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News Clash

Seven Good Reasons To Think The Shutdown Might Finally Come To An End

With so much of the country locked down, and with the official explanation of ‘why’ changing every six minutes is there any reason to hope for the nation to get back to business soon?

Here are seven good reasons to think there’s light at the end of the CCP Coronavirus tunnel.

1. The Wisconsin Supreme Court ruling

Evers’ administration argued that state law clearly gives the executive branch broad authority to enact emergency measures to control communicable diseases. Attorney General Josh Kaul also noted that Evers’ order was similar to that in at least 42 other states and has saved many lives.

Chief Justice Patience Roggensack wrote for the majority that the order equates to an emergency rule that Palm can’t enact unilaterally. The order creates criminal penalties that Palm has no authority to create, she added.

“Rule-making exists precisely to ensure that kind of controlling, subjective judgement asserted by one unelected official, Palm, is not imposed in Wisconsin,” Roggensack wrote for the majority. — Fox News

We are past the point where panic and urgency can justify a concentration of powers into the hands of a choice few, rather than the broader body of elected officials in the usual, adversarial body politic that would challenge and debate motions.

2. Outrage over unjustifiable police enforcement actions…

A sportsman alone in the ocean was arrested for violating lockdown mandate.

Moms are being arrested in the park with their kids.

Business owners are being fined, jailed, or stripped of their operational licensures.

A mother with a young child was thrown to the ground by 5 or 6 cops, and arrested for wearing her mask ‘improperly’.

Time and again, the public is defending the citizen rather than the importance of the law in these cases. Better still, free citizens have been pushing back against the hall monitor class by ‘outing’ the nosey neighbors who have been ratting everyone out to the police for minor ‘violations’.

3. States are opening… successfully.

Whether throwing their doors wide open or just taking baby steps, we are seeing states reentering the marketplace. And, despite how breathlessly the pundits wait for it to happen, the sky is NOT falling on the states that have done so.


TESLA, among other businesses, didn’t wait to ask for permission before going back to work. They took whatever precautions they figured they their workers, and their customers would need and went for it.

The dared the government to do something about it. In Musk’s case, he made it clear that if he got trouble for doing so, he would pull up stakes and move the whole damned operation to Texas where it would be appreciated.

That was a large number of well-paying manufacturing jobs. What’s more, it was a prestigious brand name they couldn’t afford the PR battle of losing. The government knew it had been beaten. They stepped back and let Tesla reopen the shop.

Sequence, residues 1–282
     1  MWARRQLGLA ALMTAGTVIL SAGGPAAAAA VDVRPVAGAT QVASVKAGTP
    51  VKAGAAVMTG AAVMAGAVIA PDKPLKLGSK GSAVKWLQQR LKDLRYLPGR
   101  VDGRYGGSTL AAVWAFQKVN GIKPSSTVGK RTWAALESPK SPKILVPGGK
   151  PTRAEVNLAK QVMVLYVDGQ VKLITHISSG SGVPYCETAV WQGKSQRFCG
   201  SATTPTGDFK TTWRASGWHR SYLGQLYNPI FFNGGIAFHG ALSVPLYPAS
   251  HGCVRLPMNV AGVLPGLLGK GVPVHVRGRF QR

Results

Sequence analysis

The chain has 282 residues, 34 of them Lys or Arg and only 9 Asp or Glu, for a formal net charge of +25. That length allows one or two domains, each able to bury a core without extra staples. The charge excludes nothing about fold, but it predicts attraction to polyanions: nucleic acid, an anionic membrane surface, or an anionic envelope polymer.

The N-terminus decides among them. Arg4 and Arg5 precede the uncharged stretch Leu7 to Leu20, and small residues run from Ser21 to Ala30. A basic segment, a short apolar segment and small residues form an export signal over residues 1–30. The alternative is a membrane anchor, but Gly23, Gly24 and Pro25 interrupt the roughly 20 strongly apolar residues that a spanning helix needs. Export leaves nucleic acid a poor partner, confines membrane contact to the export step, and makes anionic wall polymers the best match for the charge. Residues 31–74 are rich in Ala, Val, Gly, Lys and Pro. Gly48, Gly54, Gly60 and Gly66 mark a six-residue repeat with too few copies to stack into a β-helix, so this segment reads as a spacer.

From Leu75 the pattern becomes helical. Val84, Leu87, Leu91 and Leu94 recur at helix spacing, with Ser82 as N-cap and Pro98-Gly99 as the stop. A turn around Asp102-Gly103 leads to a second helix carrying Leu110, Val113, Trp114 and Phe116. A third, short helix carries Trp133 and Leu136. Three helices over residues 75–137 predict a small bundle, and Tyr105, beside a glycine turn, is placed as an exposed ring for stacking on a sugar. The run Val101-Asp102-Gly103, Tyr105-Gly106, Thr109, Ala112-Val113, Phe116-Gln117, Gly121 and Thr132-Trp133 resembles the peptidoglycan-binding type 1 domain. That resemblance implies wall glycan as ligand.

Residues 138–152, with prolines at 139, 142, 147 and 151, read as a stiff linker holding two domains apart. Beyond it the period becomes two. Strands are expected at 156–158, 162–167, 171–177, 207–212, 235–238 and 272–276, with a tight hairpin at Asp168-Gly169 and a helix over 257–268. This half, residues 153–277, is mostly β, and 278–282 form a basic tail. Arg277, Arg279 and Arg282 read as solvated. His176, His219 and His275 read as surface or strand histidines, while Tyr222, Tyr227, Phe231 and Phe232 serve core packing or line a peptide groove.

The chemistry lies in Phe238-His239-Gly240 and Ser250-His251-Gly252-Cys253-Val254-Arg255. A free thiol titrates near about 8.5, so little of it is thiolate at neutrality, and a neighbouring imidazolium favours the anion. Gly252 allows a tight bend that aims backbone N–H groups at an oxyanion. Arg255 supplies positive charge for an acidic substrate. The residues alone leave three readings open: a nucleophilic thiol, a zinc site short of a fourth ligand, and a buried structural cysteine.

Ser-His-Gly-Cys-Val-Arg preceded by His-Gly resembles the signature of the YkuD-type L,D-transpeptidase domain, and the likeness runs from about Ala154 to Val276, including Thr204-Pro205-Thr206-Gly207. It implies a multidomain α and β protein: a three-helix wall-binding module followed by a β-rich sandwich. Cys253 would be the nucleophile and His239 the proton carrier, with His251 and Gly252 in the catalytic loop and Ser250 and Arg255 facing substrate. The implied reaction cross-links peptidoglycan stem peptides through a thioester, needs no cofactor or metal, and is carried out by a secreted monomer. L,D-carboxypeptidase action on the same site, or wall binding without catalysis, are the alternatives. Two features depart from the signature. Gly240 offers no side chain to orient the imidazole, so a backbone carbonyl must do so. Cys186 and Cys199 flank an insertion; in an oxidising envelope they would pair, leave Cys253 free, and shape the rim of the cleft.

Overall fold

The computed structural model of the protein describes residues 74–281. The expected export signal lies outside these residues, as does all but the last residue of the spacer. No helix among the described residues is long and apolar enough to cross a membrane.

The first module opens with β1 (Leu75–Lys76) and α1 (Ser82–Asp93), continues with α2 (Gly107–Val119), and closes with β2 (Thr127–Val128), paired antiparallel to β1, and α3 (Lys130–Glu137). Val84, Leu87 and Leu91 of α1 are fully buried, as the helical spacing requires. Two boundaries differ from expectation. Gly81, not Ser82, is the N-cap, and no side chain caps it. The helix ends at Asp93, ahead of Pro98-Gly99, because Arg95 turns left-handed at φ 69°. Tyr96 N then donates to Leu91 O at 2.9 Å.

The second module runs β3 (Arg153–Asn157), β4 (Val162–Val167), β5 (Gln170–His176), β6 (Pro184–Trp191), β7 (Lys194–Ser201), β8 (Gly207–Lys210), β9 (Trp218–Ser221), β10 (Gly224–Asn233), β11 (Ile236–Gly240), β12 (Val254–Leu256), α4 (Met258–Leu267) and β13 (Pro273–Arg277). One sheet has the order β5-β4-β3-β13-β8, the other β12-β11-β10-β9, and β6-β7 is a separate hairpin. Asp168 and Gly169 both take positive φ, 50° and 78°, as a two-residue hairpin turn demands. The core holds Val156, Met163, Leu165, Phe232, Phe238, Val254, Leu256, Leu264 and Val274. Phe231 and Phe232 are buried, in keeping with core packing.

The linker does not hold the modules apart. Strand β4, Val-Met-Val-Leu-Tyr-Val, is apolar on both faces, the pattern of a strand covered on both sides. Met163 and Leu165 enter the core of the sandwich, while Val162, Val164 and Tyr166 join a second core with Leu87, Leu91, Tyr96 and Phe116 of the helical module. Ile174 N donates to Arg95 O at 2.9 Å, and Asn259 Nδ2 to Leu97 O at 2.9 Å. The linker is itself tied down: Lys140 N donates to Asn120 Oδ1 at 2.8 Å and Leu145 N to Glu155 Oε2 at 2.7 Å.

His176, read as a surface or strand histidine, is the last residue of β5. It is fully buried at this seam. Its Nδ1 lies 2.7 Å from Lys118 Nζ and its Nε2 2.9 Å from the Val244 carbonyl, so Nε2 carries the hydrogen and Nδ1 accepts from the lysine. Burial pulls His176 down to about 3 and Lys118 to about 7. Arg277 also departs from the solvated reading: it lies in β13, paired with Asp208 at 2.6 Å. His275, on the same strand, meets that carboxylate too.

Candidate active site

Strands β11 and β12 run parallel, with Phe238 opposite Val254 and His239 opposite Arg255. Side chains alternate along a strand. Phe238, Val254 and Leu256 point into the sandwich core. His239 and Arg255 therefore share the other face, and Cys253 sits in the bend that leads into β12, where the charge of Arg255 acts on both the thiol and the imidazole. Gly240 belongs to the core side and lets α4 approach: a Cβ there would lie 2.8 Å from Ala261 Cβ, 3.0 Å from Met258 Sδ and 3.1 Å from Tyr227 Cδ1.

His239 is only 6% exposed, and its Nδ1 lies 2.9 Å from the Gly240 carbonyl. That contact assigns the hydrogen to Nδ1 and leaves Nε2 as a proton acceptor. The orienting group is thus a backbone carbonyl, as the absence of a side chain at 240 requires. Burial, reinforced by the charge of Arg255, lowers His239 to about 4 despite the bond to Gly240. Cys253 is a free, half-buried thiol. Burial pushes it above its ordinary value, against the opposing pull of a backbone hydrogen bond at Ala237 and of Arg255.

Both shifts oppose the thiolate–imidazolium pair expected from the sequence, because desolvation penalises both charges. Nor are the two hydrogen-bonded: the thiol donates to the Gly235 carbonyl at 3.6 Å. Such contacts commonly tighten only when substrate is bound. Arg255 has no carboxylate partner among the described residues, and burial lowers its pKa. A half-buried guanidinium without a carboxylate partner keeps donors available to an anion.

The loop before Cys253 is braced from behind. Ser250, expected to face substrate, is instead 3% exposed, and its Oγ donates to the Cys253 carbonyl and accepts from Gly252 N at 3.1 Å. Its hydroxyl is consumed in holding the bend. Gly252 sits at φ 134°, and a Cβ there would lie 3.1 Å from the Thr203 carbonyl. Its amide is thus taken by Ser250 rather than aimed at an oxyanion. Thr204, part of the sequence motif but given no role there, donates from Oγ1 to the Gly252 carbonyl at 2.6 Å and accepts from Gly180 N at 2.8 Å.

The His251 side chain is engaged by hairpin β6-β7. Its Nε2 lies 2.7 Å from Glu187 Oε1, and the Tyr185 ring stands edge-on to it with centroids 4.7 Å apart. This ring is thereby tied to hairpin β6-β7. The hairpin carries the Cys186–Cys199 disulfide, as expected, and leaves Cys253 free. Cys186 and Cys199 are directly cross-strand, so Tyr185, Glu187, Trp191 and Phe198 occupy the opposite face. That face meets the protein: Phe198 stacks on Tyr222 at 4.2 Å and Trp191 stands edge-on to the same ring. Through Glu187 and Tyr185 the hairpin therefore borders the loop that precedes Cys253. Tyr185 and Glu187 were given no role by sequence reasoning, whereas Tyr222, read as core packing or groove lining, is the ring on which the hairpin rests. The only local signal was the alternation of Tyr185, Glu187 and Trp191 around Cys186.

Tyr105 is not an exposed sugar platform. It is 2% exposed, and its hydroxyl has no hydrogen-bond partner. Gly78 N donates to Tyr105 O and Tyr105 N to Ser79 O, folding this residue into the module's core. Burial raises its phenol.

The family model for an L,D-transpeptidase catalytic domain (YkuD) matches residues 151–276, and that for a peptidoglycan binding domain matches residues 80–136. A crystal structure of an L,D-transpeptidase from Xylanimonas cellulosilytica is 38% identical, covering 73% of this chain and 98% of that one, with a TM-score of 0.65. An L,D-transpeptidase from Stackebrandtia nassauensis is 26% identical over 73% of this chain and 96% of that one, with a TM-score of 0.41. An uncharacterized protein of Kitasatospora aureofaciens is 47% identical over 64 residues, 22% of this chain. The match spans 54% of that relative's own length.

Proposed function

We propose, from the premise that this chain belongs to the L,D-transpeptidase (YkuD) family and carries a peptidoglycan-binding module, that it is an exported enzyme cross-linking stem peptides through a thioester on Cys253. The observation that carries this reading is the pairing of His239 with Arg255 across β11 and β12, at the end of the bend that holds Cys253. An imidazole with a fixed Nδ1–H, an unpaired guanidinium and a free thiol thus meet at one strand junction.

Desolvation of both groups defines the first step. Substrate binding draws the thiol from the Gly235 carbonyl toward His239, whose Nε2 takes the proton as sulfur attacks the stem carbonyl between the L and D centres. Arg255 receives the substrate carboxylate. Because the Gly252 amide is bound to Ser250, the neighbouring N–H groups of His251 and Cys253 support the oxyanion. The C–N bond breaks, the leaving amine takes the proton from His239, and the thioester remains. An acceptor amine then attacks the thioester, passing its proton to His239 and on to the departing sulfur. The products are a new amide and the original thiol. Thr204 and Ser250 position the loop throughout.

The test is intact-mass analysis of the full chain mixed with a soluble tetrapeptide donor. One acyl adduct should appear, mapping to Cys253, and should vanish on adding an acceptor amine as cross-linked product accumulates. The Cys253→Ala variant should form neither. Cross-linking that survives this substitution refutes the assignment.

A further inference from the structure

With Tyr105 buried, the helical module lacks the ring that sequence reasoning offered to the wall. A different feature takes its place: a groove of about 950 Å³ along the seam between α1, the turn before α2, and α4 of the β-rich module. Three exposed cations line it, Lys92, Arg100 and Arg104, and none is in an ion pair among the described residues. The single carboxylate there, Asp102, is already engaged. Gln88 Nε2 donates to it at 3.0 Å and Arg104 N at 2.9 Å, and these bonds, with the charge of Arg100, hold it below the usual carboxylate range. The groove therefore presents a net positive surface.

5. Beaches

The government said the beach was closed. The people did not care.

This indicates the people are less willing to be motivated by fear to obey arbitrarily-set rules that have no obvious rational basis for their existence. When that falls, the rest can’t be far behind.

6. The government is strapped for cash

The Federal government, with all these bailouts, is already flirting with huge negative consequences from the newly-augmented debt, as was so eloquently argued here: Bongino Fishslaps House Democrats For Passing New $3 Trillion Relief Bill ‘There’s No Damn Money’

States are seeing their own wells dry up, too.

California Gov. Newsom proposes billions in budget cuts, slashing state workers’ pay by 10 percent

The only way to top that up again is for taxpayers to be on the paying, rather than the receiving side of the ledger

7. The news narrative is beginning to shift

Close observers will notice the news media have begun to acknowledge the toll this shutdown has been taking in one form or another, and is no longer simply telling the fear-and-panic hide-in-your-basement narrative. They have begun telling the two narratives side-by-side.

One might speculate about what they are trying to accomplish with this dual narrative (perhaps a lose-lose scenario for the President) but for the first time, they are beginning to acknowledge the counter-pressure to open.

Those are seven reasons for optimism. You might even find more.

Ultimately, there is a solid argument for there being a natural right to provide for your needs through lawful means, just as fundamental as the right to self-defense that undergirds the Second Amendment: What Does The Second Amendment Have In Common With Back To Work Protests?

Wes Walker

Wes Walker is the author of "Blueprint For a Government that Doesn't Suck". He has been lighting up since its inception in July of 2012. Follow on twitter: @Republicanuck